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1.  A Novel Multiplex Cell Viability Assay for High-Throughput RNAi Screening 
PLoS ONE  2011;6(12):e28338.
Cell-based high-throughput RNAi screening has become a powerful research tool in addressing a variety of biological questions. In RNAi screening, one of the most commonly applied assay system is measuring the fitness of cells that is usually quantified using fluorescence, luminescence and absorption-based readouts. These methods, typically implemented and scaled to large-scale screening format, however often only yield limited information on the cell fitness phenotype due to evaluation of a single and indirect physiological indicator. To address this problem, we have established a cell fitness multiplexing assay which combines a biochemical approach and two fluorescence-based assaying methods. We applied this assay in a large-scale RNAi screening experiment with siRNA pools targeting the human kinome in different modified HEK293 cell lines. Subsequent analysis of ranked fitness phenotypes assessed by the different assaying methods revealed average phenotype intersections of 50.7±2.3%–58.7±14.4% when two indicators were combined and 40–48% when a third indicator was taken into account. From these observations we conclude that combination of multiple fitness measures may decrease false-positive rates and increases confidence for hit selection. Our robust experimental and analytical method improves the classical approach in terms of time, data comprehensiveness and cost.
PMCID: PMC3230607  PMID: 22162763
2.  The Compartmentalized Bacteria of the Planctomycetes-Verrucomicrobia-Chlamydiae Superphylum Have Membrane Coat-Like Proteins 
PLoS Biology  2010;8(1):e1000281.
Compartmentalized bacteria have proteins that are structurally related to eukaryotic membrane coats, and one of these proteins localizes at the membrane of vesicles formed inside bacterial cells.
The development of the endomembrane system was a major step in eukaryotic evolution. Membrane coats, which exhibit a unique arrangement of β-propeller and α-helical repeat domains, play key roles in shaping eukaryotic membranes. Such proteins are likely to have been present in the ancestral eukaryote but cannot be detected in prokaryotes using sequence-only searches. We have used a structure-based detection protocol to search all proteomes for proteins with this domain architecture. Apart from the eukaryotes, we identified this protein architecture only in the Planctomycetes-Verrucomicrobia-Chlamydiae (PVC) bacterial superphylum, many members of which share a compartmentalized cell plan. We determined that one such protein is partly localized at the membranes of vesicles formed inside the cells in the planctomycete Gemmata obscuriglobus. Our results demonstrate similarities between bacterial and eukaryotic compartmentalization machinery, suggesting that the bacterial PVC superphylum contributed significantly to eukaryogenesis.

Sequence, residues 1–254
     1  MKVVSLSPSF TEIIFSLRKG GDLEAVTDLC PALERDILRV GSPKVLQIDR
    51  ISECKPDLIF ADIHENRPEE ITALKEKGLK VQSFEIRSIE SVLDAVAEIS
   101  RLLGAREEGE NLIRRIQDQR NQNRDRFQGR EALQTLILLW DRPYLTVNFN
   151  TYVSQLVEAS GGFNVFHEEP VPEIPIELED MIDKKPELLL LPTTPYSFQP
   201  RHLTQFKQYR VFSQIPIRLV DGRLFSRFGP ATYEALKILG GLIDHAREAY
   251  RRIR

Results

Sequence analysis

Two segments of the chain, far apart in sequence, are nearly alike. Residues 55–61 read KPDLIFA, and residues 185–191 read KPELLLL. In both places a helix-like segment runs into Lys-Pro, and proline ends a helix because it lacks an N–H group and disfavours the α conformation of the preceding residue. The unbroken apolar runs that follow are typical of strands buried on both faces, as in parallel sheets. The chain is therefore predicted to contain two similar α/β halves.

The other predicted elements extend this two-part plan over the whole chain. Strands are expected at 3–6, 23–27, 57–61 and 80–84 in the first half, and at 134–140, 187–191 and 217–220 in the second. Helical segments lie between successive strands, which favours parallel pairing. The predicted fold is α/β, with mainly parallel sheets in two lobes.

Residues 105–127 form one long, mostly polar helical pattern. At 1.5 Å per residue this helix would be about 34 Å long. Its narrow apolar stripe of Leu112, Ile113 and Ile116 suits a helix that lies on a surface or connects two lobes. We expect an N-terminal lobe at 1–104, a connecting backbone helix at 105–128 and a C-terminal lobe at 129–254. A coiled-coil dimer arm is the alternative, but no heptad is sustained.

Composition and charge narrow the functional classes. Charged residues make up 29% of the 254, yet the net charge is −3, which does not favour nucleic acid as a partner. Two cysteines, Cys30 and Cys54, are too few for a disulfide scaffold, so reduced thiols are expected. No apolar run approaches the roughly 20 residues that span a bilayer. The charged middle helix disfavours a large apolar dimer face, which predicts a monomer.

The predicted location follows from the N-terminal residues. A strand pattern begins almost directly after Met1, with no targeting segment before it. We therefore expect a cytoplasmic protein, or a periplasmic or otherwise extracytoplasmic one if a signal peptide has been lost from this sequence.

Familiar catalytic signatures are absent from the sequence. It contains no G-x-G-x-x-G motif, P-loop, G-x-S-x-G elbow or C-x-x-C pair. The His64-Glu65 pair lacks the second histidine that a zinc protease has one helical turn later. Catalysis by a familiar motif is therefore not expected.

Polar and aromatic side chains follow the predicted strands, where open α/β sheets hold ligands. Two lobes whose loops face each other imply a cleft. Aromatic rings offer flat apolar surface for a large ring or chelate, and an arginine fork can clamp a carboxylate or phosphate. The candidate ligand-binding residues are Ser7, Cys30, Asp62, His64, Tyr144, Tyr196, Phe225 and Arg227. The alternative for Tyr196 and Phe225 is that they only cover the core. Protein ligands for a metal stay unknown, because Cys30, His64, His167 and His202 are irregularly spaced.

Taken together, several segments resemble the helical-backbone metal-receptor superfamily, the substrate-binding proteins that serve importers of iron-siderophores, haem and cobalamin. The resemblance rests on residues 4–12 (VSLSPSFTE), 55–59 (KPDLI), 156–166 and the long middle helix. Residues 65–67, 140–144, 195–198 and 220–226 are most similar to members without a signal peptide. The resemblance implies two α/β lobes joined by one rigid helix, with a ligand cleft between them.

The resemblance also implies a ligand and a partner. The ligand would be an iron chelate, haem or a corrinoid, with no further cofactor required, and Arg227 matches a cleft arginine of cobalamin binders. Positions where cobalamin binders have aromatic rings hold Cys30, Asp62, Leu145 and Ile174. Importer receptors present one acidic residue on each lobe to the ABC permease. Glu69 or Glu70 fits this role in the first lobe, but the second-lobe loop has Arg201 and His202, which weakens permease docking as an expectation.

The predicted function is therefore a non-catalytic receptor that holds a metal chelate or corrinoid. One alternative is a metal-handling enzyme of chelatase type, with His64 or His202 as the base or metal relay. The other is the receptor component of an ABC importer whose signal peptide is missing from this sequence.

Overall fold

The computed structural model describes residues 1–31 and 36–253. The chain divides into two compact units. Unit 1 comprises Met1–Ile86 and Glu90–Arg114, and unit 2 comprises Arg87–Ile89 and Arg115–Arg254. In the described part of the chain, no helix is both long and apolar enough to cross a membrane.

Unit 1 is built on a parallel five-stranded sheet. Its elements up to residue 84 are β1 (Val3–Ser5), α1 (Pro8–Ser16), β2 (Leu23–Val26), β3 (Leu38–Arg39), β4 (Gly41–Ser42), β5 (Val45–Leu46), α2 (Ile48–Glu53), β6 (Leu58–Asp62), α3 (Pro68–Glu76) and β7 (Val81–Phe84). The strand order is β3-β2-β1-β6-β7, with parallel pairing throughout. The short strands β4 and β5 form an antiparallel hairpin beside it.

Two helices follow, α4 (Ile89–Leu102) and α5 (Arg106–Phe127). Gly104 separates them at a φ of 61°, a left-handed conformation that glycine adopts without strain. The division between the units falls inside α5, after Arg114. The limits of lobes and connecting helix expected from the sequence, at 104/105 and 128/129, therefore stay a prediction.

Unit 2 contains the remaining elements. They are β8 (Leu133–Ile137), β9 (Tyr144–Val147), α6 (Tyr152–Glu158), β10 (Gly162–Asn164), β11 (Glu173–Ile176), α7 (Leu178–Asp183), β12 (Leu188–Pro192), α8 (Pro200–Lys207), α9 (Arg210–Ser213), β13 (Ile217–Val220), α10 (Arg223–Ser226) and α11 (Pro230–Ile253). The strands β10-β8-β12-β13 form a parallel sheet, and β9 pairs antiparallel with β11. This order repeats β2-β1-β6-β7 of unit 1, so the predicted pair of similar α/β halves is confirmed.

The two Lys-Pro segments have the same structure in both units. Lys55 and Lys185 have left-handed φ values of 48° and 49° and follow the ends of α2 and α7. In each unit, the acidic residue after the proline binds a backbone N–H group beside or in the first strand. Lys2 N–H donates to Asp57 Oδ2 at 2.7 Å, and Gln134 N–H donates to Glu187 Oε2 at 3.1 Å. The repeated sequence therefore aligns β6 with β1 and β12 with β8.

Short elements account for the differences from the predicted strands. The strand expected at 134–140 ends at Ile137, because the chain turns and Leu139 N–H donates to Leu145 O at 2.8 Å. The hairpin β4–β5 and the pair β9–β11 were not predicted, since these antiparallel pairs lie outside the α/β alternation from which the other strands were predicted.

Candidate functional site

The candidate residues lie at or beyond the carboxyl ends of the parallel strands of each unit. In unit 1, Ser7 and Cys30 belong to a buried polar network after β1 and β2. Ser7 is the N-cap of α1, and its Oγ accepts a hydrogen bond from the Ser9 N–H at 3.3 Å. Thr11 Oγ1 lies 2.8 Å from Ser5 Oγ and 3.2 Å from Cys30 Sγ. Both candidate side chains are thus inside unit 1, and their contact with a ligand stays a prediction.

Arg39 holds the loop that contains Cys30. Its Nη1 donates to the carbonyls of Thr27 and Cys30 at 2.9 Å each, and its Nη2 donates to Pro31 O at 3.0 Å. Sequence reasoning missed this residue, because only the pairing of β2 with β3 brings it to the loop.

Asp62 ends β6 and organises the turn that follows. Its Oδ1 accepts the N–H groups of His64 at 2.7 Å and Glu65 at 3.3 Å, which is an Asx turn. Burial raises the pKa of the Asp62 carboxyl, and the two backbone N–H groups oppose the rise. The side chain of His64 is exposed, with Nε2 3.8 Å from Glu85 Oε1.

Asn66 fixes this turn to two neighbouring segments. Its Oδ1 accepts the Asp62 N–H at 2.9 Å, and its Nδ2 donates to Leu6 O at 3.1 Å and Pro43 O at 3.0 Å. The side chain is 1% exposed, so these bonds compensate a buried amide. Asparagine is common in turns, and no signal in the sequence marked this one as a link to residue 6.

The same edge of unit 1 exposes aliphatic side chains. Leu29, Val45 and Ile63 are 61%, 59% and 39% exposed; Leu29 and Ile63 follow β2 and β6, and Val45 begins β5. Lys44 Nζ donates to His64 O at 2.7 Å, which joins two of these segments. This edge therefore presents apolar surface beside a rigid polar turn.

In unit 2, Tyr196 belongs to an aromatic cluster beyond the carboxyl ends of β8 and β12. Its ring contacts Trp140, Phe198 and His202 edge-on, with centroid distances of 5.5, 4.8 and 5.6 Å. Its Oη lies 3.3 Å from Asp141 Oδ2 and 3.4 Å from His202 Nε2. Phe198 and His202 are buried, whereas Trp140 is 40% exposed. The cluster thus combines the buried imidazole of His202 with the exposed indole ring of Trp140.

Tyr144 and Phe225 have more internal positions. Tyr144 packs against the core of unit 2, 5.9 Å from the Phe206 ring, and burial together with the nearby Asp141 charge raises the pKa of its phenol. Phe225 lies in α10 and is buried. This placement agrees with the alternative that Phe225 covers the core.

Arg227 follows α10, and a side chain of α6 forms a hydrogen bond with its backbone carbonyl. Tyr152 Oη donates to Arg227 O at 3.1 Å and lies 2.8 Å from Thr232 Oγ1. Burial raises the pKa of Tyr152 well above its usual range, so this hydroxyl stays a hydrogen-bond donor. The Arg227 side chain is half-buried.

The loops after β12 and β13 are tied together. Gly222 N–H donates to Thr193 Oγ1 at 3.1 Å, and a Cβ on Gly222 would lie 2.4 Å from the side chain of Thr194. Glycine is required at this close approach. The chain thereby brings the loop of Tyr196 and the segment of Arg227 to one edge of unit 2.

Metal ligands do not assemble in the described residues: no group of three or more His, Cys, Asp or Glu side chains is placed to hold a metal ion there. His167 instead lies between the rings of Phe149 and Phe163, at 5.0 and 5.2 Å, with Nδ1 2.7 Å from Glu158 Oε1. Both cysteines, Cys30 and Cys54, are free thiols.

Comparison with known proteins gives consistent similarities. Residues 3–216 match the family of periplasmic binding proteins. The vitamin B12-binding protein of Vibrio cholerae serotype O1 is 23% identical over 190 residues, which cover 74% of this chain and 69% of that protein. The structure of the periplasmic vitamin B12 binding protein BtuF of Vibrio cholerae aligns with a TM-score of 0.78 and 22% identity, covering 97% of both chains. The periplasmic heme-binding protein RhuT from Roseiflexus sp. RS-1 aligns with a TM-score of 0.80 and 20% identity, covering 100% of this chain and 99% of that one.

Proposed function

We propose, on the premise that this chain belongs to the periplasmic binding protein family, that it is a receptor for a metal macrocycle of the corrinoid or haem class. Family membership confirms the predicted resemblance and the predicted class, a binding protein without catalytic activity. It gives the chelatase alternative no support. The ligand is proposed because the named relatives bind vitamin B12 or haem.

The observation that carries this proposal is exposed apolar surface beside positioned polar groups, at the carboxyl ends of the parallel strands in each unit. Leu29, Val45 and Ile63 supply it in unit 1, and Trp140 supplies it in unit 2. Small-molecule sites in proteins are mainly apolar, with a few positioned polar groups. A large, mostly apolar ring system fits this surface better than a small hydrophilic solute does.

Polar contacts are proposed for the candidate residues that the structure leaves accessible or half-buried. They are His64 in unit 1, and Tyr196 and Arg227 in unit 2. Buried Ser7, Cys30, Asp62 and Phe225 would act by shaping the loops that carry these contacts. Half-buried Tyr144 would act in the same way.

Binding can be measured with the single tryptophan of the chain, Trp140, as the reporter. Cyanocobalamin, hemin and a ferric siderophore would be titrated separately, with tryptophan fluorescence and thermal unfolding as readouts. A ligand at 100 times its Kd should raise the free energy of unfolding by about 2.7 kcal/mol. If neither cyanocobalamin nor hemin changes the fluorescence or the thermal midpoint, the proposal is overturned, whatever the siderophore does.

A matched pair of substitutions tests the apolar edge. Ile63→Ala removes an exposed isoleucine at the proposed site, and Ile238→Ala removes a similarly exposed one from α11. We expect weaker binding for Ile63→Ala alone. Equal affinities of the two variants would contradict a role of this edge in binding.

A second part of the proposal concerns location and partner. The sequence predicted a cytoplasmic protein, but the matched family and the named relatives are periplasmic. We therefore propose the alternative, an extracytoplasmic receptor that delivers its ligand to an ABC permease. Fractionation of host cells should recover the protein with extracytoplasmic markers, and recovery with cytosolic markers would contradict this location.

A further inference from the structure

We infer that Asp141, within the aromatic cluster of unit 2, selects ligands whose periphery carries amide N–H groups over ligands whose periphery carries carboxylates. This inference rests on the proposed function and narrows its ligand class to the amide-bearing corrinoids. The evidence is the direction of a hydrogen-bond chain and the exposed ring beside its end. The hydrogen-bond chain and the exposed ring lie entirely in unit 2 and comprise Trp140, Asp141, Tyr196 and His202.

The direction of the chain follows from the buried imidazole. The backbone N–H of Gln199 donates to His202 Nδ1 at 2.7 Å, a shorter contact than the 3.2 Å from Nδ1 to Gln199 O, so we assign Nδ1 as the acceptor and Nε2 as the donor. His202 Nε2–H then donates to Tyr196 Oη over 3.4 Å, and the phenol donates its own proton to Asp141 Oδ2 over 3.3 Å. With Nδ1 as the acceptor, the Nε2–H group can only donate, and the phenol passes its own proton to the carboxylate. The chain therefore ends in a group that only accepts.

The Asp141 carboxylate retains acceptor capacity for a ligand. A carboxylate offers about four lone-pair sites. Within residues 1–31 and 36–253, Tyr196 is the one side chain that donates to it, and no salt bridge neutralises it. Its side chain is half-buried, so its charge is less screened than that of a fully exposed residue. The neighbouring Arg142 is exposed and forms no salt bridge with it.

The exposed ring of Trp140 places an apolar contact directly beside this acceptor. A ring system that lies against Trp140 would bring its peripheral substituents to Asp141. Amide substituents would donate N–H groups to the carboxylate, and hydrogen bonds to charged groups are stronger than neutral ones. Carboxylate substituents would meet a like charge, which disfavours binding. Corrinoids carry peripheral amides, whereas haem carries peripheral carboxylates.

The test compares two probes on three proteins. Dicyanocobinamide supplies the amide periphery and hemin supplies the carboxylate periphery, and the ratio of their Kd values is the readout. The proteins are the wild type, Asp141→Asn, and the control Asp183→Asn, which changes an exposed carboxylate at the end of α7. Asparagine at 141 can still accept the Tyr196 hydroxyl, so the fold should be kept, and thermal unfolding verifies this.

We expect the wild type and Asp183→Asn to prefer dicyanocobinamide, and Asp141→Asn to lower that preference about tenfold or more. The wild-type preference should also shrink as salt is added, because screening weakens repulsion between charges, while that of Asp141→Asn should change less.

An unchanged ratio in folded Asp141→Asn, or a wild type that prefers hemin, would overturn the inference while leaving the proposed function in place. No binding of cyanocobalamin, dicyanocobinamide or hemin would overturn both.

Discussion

Author Summary
Despite decades of research, the origin of eukaryotic cells remains an unsolved issue. The endomembrane system defines the eukaryotic cell, and its origin is linked to that of eukaryotes. A search was conducted within all known sequences for proteins that are characteristic of the eukaryotic endomembrane system, using a combination of fold types that is uniquely found in the membrane coat proteins. Outside eukaryotes, such proteins were solely found in the Planctomycetes-Verrucomicrobia-Chlamydiae (PVC) bacterial superphylum. By immuno-electron microscopy, one of these bacterial proteins was found to localize adjacent to the membranes of vesicles found within the cells of one member of the PVC superphylum. Thus, there appear to be similarities between bacterial and eukaryotic compartmentalization systems, suggesting that the bacterial PVC superphylum may have contributed significantly to eukaryogenesis.
PMCID: PMC2799638  PMID: 20087413
3.  Ribonucleoprotein-dependent localization of the yeast class V myosin Myo4p 
The Journal of Cell Biology  2002;159(6):971-982.
Class V myosins are motor proteins with functions in vesicle transport, organelle segregation, and RNA localization. Although they have been extensively studied, only little is known about the regulation of their spatial distribution. Here we demonstrate that a GFP fusion protein of the budding yeast class V myosin Myo4p accumulates at the bud cortex and is a component of highly dynamic cortical particles. Bud-specific enrichment depends on Myo4p's association with its cargo, a ribonucleoprotein complex containing the RNA-binding protein She2p. Cortical accumulation of Myo4p at the bud tip can be explained by a transient retention mechanism that requires SHE2 and, apparently, localized mRNAs bound to She2p. A mutant She2 protein that is unable to recognize its cognate target mRNA, ASH1, fails to localize Myo4p. Mutant She2p accumulates inside the nucleus, indicating that She2p shuttles between the nucleus and cytoplasm and is exported in an RNA-dependent manner. Consistently, inhibition of nuclear mRNA export results in nuclear accumulation of She2p and cytoplasmic Myo4p mislocalization. Loss of She2p can be complemented by direct targeting of a heterologous lacZ mRNA to a complex of Myo4p and its associated adaptor She3p, suggesting that She2p's function in Myo4p targeting is to link an mRNA to the motor complex.
PMCID: PMC2173977  PMID: 12499354
myosin-V; RNA localization; FLIP; myosin regulation; ASH1

Results 1-3 (3)